At the Secretarial Honor and Presidential Rank Awards, the DOE Building Technologies Office’s Appliance and Equipment Standards (ASP) Program won a Secretary of Energy Achievement Award, under the leadership of John Cymbalsky, for its work last year on finalizing a record 13 standards, including the largest energy-saving standard in U.S. history. Award-winning teams must have demonstrated cooperation and teamwork en-route to accomplishing significant achievements on behalf of DOE and attaining their goals.
The Energy Department’s Building Performance Database (BPD), the nation’s largest dataset of energy-related building characteristics, has expanded to include data from over 950,000 commercial and residential buildings.
A few months ago, we discussed what building energy codes are and more recently we looked at how they are developed and what role the U.S. Department of Energy (DOE) plays in that process. Today, we are going to take a look into the next step—how codes are adopted.
Thanks in part to DOE’s Buildings Technologies Office (BTO) and its network of research and industry partners, many appliances and building technologies, such as air conditioning and solid-state lighting, have, and continue to, become more and more energy efficient, providing the same level of services or better at a lower energy cost.
Some metals do a remarkable thing when they’re placed within a magnetic field: They heat up. Remove the magnetic field, and they grow cold. It’s not difficult to see how this heating and cooling, known as the magnetocaloric effect, might be put to good use.
John Cymbalsky, program manager of Appliance and Equipment Standards within DOE’s Building Technologies Office (BTO), was recently recognized as a “Champion of Energy Efficiency” by the American Council for an Energy-Efficient Economy (ACEEE).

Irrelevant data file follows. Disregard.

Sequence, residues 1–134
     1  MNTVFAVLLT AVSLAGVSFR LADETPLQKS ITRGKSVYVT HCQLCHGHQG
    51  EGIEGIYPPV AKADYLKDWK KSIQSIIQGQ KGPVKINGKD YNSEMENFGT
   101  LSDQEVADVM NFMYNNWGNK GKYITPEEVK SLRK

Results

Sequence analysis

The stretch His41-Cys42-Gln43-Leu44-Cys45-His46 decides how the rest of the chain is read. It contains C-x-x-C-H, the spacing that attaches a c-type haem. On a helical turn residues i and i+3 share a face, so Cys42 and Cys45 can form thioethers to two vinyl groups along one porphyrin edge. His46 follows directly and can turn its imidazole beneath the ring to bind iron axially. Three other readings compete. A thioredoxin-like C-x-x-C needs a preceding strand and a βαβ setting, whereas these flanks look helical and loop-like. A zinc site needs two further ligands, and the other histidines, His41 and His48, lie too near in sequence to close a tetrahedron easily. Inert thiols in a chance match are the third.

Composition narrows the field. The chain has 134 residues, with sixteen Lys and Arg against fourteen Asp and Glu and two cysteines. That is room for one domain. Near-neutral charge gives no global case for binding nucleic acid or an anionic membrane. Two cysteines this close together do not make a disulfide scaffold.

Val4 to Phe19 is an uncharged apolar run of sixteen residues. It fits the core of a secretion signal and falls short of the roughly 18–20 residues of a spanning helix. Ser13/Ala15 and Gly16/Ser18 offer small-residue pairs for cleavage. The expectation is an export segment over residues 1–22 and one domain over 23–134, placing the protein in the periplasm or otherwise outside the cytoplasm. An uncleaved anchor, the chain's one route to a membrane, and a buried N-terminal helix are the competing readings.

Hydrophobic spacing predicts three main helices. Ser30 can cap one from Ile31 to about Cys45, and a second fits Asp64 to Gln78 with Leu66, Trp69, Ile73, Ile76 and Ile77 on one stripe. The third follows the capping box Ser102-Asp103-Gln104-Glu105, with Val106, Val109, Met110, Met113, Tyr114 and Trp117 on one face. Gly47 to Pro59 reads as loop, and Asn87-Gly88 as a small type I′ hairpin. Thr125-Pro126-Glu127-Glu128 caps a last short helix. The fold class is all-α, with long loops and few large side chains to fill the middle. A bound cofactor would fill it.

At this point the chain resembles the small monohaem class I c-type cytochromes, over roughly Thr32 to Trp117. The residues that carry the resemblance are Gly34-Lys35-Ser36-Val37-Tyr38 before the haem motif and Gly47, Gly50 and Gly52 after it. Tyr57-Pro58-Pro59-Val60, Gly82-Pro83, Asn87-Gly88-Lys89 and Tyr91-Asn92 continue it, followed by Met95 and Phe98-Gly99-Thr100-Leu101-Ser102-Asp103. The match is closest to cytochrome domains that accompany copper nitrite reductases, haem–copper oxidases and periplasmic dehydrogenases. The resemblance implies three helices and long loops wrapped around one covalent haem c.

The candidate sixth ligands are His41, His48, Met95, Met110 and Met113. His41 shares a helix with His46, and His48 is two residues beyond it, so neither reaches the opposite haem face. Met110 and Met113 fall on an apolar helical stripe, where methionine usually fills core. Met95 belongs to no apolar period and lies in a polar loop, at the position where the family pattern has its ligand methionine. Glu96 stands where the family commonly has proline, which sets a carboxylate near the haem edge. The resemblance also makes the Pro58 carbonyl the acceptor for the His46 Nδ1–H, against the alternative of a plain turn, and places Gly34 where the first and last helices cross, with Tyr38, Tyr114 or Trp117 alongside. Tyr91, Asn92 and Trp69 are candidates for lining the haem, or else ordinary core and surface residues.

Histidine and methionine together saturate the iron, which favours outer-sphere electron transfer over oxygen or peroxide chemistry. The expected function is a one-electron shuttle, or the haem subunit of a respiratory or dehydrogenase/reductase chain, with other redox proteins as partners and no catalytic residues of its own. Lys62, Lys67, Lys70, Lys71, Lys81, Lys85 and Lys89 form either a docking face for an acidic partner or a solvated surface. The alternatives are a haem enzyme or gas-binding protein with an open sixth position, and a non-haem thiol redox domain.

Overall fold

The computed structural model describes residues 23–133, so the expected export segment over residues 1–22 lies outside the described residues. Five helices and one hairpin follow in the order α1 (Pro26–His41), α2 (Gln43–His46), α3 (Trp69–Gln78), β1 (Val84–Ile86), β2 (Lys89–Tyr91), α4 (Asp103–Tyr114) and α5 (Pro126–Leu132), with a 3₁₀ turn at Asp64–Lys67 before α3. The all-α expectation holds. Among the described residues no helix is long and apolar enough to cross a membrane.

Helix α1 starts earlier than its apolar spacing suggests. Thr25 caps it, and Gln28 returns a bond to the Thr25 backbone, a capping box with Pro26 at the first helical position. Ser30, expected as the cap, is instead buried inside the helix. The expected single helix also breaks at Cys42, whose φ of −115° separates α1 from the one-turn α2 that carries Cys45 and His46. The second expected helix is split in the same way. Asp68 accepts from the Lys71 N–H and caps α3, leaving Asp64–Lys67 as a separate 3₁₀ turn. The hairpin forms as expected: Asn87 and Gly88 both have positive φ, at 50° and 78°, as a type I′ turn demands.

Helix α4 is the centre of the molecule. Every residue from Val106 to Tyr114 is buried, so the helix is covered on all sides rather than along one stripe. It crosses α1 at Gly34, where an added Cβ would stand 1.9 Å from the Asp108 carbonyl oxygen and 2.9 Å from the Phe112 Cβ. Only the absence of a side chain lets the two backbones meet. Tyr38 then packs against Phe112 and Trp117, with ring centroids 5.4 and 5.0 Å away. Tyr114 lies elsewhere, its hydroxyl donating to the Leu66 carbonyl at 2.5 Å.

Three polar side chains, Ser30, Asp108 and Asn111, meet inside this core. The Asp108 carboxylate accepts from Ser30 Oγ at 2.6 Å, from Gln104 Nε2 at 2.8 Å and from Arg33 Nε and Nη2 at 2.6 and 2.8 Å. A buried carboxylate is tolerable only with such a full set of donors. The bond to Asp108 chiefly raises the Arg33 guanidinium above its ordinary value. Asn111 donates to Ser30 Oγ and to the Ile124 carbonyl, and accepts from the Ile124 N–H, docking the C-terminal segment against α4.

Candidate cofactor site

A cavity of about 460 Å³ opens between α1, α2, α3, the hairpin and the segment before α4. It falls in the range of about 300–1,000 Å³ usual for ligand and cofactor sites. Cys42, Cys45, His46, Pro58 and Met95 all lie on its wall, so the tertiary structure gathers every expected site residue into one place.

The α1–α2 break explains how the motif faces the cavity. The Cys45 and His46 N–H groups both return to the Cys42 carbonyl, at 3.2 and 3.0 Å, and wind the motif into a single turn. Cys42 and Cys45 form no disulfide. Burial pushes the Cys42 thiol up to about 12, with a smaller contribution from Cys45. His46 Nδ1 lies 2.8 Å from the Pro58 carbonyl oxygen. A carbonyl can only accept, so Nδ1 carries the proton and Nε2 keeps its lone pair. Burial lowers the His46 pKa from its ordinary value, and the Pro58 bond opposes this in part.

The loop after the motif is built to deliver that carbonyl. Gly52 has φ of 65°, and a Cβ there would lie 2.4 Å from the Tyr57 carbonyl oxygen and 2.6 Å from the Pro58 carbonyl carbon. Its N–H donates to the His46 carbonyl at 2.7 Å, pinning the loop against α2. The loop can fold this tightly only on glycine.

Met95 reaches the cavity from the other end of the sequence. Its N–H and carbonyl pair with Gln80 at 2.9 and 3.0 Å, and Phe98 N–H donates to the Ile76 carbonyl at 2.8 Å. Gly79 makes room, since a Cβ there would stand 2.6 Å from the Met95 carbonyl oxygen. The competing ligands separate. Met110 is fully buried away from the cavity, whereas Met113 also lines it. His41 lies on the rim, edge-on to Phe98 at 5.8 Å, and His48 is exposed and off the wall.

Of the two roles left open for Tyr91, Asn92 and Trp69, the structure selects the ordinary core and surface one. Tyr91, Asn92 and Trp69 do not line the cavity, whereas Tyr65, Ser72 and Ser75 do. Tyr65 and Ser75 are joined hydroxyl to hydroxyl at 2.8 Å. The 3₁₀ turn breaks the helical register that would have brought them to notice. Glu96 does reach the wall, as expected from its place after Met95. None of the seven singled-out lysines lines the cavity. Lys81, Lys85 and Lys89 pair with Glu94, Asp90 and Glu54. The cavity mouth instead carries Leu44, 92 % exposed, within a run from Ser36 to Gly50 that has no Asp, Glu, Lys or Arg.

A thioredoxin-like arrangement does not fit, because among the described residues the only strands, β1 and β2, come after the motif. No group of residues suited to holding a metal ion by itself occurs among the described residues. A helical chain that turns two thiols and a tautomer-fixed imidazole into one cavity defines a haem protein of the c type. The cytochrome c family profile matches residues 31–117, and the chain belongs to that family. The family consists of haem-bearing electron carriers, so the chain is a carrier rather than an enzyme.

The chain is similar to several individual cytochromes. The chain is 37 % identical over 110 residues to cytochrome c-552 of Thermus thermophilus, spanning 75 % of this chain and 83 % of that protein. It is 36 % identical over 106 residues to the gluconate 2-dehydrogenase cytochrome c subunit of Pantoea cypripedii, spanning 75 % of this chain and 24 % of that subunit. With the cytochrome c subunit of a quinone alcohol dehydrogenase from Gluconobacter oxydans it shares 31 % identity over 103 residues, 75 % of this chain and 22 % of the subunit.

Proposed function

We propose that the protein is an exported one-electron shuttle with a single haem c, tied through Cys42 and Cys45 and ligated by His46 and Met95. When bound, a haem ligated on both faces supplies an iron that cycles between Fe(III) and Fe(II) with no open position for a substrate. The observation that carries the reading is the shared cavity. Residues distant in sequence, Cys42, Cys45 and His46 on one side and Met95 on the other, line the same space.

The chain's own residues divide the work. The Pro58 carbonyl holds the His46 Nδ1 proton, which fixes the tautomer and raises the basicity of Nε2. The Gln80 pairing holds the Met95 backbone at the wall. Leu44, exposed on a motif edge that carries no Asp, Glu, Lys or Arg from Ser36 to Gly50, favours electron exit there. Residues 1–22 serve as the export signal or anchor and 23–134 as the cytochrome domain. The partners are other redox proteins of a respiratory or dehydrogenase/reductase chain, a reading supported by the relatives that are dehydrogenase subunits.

I recently spoke with two distinct audiences about the importance of buildings in the U.S. energy space. Both the FEMP Energy Exchange conference and a group hosted by the Alliance to Save Energy had roomfuls of energy savvy professionals, many – but I suspect not all – of whom recognize the scope of opportunities the U.S. buildings sector offers for reducing energy consumption and greenhouse gas emissions.
At the Energy Exchange 2016 earlier this month, the Department of Energy’s (DOE) Federal Energy Management Program (FEMP) and Building Technologies Office (BTO) announced the winner of the FEMP JUMP technology challenge to identify underutilized new or recently commercialized building technology solutions.
The U.S. Department of Energy (DOE) has selected 43 small businesses, including three businesses working on buildings-related issues, to work directly with DOE national labs to accelerate the transformation toward a clean energy economy. Selected businesses will be afforded access to world-class laboratory resources to help move these innovative technologies into the market faster.
Driving the reduction of energy consumption and greenhouse gas (GHG) emissions through efficiency projects in the retail sector can be difficult, particularly when many energy managers lack awareness of financing mechanisms available to them to fund their projects.